The wonderful world of wine can seem a tad bewildering at times.
The wonderful world of wine can seem a tad bewildering at times, but never fear – we've corralled a wild Sommelier to pose a couple of corkers to him - and not just any sommelier, a man who sits on the board of the South African Sommeliers Association.

Celebrated wine explorer Barry Scholfield spends his working hours flying to remote corners of Europe to sample especially beautiful wines and still finds time to serve as one of the leading taste buds of Somm Hospitality, awarded winner of Best Wine List in Africa and the Middle East by The World Fine Wine Magazine in 2014, 2015 and most recently in 2017: 

Barry when you sit down at a restaurant, what do you want to see in a wine list? How can it be 'balanced'?

I'm glad you asked! A large part of Somm's business is actually doing exactly that, supplying the right wines to restaurants based around their clientele. Obviously, it has to complement the food, if it's a sushi place you'd better have champagne by the glass, but the most important thing for me is providing a variety of price categories, clearly leaning towards the main clientele’s price bracket. I'm tired of going into a restaurant and finding nothing but entry level or top shelf wines – where are the interesting mid-priced wines? I mean, I know they're out there but why aren’t we putting them out there? A great wine list, to me is not too big and features quite a few lesser known labels, but make sure the waitering staff know what they are and what each wine is about. Every wine has an individual story and it's that story that really matters to people at the end of the day.

If you're building a wine collection at home, how would you bring in balance and structure there?

I'm not there yet but what I'm trying to build in my own wine collection is a wine for every mood and optimal drinking every time – it's a careful balancing act! Some nights you come home and all you want to do is tuck into a pizza on the couch with your significant other and you don't want that to cost you hundreds of Rands. That's why I have quite a few entry and mid-level Cinsaults, Pinot Noirs, and some good Chenin Blancs – they'll all age beautifully but you don't have to wait five years to drink them which, honestly, with some wines, it's just a sin if you don't.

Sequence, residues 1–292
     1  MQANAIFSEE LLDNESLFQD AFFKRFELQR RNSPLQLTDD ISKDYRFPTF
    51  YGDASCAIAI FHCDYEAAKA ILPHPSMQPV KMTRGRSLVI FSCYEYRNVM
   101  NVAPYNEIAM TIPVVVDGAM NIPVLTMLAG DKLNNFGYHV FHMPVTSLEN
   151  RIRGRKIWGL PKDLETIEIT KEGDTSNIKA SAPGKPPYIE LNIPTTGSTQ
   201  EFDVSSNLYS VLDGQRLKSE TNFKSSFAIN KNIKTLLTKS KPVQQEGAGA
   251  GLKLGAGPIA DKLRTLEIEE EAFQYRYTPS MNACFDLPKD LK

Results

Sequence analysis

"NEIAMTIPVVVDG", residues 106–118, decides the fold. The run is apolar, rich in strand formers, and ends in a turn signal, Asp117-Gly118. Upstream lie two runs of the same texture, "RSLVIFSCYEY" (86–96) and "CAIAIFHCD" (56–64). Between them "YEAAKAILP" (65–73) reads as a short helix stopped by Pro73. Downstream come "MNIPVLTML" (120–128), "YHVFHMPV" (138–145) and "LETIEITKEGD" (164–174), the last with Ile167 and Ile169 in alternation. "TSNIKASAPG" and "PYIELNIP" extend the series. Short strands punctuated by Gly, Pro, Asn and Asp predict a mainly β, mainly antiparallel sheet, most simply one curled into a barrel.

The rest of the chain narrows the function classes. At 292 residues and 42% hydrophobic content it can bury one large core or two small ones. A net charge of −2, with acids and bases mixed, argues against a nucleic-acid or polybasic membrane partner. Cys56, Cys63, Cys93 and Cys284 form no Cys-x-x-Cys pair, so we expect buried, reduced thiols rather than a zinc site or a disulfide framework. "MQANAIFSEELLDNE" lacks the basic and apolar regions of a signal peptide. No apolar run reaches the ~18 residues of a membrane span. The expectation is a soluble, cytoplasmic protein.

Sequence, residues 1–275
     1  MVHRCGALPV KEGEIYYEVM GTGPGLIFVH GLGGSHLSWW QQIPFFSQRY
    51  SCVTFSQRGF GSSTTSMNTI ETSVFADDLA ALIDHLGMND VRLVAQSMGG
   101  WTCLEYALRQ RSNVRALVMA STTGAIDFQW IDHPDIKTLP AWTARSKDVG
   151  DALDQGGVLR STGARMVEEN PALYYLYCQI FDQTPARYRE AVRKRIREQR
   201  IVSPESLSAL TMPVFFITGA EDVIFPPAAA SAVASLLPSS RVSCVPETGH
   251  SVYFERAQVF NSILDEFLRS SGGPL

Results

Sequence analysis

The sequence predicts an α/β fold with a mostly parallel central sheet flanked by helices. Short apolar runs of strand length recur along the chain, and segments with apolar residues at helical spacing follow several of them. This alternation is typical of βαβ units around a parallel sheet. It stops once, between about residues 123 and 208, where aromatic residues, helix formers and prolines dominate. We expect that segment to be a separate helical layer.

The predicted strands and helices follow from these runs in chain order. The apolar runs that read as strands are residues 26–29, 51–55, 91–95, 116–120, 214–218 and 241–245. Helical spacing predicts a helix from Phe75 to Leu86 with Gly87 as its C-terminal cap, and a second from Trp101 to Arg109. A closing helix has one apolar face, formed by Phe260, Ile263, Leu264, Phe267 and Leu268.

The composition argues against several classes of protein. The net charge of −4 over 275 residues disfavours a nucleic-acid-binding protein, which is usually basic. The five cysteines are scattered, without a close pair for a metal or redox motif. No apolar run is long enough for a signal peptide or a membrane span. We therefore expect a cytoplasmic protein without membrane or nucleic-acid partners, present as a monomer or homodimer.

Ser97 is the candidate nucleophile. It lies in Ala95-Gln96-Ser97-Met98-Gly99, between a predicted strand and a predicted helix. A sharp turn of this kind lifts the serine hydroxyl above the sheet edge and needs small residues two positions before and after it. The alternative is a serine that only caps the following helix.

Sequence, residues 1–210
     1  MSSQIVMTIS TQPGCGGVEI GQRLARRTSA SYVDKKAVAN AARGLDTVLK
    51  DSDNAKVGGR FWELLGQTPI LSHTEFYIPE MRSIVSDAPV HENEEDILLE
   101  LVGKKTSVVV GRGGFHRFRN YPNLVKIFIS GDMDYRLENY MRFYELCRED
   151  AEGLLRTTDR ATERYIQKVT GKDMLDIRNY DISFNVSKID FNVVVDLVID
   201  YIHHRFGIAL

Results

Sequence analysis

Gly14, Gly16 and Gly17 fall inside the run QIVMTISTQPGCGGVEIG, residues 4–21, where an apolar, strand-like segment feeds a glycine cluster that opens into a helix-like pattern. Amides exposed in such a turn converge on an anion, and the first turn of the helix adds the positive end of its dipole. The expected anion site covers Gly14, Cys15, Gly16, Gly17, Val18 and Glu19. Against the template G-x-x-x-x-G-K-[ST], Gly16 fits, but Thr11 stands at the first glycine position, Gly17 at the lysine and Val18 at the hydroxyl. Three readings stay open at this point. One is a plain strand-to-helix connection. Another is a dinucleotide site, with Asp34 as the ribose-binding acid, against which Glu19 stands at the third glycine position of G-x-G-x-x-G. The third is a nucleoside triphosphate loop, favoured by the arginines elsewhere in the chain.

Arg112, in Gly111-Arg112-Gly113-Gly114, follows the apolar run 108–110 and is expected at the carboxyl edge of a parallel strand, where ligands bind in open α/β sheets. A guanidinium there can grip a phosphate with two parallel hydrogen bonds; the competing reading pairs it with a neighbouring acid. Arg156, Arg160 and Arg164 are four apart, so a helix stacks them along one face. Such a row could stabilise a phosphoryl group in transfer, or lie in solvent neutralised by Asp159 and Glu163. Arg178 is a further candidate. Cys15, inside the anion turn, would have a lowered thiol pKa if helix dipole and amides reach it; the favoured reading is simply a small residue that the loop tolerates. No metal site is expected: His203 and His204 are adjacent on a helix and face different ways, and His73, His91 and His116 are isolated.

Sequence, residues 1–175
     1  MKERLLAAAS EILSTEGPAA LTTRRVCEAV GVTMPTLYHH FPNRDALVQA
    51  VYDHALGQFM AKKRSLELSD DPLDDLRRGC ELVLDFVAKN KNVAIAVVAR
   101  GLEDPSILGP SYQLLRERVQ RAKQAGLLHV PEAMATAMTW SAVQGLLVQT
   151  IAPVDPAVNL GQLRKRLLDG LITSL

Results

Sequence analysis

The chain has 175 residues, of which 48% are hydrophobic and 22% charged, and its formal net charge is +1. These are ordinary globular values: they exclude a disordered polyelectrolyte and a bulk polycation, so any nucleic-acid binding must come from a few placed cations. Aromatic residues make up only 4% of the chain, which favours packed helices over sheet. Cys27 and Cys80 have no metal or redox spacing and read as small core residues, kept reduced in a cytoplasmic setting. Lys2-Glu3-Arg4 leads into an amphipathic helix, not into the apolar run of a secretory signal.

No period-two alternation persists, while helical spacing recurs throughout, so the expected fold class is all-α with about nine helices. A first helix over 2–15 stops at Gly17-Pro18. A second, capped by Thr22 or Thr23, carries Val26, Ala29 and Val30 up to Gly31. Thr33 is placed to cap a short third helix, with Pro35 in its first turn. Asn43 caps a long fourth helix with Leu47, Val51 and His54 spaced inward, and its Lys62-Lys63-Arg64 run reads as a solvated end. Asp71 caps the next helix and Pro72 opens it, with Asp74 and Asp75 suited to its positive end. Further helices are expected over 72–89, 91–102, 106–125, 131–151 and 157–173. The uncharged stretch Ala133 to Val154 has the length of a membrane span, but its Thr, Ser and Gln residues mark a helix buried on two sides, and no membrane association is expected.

Insider's tip: Chenin Blanc is a grape variety with one of the top two highest ageing potentials – they can happily lay down for more than ten years! The time will bring out a nutty nuanced honey character. Considering there is more Chenin growing in South Africa right now than the Loire Valley in France that made it famous, there really is no excuse.

Lastly, as a runner of the best wine service program in Africa and the Middle East four years in a row, what's the correct etiquette for drinking wine? 

Sjoe! You know, I've been a Sommelier at some of the top establishments in the world and when the time comes to open the wine, everyone's dressed up and acting fancy: there's a world of expectation in the room so people will ask you “What am I supposed to taste?” and I always say 'nothing, is it delicious?' – that's what matters – it's pre-digested grape juice. It reminds you of a primal part of your brain like no other beverage, sure, but it's been enjoyed for thousands of years. Is there an etiquette? No, but I will say – make sure it's at the right temperature and if you don't like it at first: keep going back to it, give it time to open up as the wine evolves in the glass. For me a great wine is the conversation with friends about what we find in it, not in the gargle, spit and swirl of it all.

Join the conversation, taste a galaxy of stellar wines and get your collection started in Winter WINEderland. 

The TOPS at SPAR Wine Show presented by the Cape Times is back again and shining brighter than ever with South Africa's top wineries under one roof at Sun Exhibits, GrandWest from 12 to 14 July.